As it turns out, focusing too heavily on closing the racial achievement gap to the exclusion of other priorities can be counterproductive to a school system’s mission and purpose, which is to educate all its students. It leads to consequences that burden high achievers and remove the attractive qualities of a school system that have led high achieving parents to invest in the public school system in the first place.

MCPS’s efforts to restructure the Gifted and Talented programs in the county, for instance, have encountered vocal resistance from local parents. In an effort to (symbolically, for the most part) curb the racial achievement gap, they made the selection process less transparent and used racial proxy factors to determine entry into the programs. Sure, lowering top-end achievement would close the racial achievement gap, but under no scenario could clamping down on excellence possibly benefit low-achievers.

The BOE recently announced that it will redistrict school boundaries based on racial and ethnic diversity standards. MCPS insists on doing this, again, in the name of closing the racial achievement gap. But, in so doing, they have driven away many formerly trusting parents, who contributed tax money to fund the public school system. Many parents move their families into neighborhoods for the schools, and when those expectations are not met, they lose trust in the governance of their public institutions. Said one concerned parent at a contentious MCPS School Board meeting: “Many families buy homes based on the current school districts and making changes will have a direct impact not only on the home values, but also the educational plans they have created for their children’s futures.”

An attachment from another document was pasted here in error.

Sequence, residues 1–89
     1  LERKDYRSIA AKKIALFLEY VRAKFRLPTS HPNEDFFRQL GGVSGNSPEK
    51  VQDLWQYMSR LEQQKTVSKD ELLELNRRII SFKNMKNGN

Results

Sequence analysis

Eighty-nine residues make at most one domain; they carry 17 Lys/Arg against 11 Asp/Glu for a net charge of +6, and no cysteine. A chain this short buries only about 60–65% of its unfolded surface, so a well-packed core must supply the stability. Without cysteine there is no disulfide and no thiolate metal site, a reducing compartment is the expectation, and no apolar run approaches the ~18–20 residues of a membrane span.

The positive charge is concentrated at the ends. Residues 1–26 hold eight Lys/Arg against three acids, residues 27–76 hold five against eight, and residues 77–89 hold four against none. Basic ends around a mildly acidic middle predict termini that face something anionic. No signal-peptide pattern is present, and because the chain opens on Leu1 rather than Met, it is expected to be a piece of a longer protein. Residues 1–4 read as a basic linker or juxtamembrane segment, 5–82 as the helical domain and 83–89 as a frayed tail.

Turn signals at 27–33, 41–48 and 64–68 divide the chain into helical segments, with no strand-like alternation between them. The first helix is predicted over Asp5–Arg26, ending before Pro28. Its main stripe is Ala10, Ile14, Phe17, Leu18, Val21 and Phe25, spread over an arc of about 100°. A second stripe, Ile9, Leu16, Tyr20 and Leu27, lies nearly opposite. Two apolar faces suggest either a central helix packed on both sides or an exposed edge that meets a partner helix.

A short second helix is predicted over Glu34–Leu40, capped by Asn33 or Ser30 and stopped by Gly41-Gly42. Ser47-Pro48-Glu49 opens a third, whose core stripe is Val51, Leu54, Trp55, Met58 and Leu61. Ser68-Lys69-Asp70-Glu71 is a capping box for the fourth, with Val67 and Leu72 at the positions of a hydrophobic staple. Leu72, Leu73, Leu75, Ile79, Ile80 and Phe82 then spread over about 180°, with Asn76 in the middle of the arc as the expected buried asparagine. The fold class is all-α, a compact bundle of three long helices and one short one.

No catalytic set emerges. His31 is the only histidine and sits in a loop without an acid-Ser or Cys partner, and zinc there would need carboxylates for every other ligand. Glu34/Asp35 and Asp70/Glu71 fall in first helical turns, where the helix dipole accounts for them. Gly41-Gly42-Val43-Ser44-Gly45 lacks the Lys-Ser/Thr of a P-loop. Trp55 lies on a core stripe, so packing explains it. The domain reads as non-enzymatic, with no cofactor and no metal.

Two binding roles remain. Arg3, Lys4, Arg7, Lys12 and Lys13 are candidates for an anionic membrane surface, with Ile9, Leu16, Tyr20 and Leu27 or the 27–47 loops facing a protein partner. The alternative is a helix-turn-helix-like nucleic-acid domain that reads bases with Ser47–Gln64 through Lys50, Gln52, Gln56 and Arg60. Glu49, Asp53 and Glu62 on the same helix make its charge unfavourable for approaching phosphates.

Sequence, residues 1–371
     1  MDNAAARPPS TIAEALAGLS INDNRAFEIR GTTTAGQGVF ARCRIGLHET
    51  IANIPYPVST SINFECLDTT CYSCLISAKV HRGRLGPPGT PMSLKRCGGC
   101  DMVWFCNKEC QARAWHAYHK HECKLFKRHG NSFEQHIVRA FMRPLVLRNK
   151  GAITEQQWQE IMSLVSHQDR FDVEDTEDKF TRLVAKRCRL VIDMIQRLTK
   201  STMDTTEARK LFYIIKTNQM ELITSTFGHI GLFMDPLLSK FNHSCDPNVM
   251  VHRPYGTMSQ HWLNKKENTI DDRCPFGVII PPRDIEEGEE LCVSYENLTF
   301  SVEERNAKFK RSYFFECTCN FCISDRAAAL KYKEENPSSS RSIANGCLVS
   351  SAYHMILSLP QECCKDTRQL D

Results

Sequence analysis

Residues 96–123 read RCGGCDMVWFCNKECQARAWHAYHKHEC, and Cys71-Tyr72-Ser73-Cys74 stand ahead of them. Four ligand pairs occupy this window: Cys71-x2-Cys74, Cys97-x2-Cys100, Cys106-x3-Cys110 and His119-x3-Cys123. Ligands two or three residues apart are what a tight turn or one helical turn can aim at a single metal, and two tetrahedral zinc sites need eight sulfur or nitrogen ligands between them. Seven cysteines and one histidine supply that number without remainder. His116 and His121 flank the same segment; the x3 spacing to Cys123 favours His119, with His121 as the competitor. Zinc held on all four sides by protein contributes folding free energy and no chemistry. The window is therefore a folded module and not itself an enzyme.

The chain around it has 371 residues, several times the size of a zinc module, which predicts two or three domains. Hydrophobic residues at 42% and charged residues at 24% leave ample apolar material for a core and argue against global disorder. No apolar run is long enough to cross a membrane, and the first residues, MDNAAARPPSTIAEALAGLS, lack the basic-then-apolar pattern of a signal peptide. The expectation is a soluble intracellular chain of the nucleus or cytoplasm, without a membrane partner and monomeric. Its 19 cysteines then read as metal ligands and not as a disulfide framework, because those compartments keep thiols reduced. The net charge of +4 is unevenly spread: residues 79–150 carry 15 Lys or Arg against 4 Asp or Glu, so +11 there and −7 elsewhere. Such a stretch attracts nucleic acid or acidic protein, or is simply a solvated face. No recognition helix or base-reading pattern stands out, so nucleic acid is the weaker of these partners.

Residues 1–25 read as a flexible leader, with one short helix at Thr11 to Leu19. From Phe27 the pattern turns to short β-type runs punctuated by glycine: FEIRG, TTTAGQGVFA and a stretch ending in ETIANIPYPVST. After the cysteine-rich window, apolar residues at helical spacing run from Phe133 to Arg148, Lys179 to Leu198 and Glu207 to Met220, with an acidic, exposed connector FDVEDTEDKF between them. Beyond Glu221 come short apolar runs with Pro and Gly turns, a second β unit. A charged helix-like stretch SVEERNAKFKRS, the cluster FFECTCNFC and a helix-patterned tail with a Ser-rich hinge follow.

All of these reforms, made in the name of improving “racial equity,” and directly linked to closing the racial achievement gap, have instead stoked anger within the county community and failed to improve the outcomes of the lowest performing students in the school system. This tends to happen when school boards define goals based on terms like “race” and “gap,” which inherently split and divide communities for political ends.

What should be done instead is to focus on managing the school’s resources in a way that will actually improve the outcomes of these students’ lives. This doesn’t mean undermining those students who are already successful in an attempt to flatten the racial achievement gap and make administrators feel better about themselves. Montgomery County offers us an important lesson in the fallacy of simple “tell-all” statistics. The reality, as usual, is complicated and the solutions are rarely simple.

 

Kenny Xu is a writer for the Federalist and the Washington Examiner, covering race, identity, and culture. You can follow him on Facebook @thekennethxu and on Twitter @kennymxu

Photo by chuttersnap on Unsplash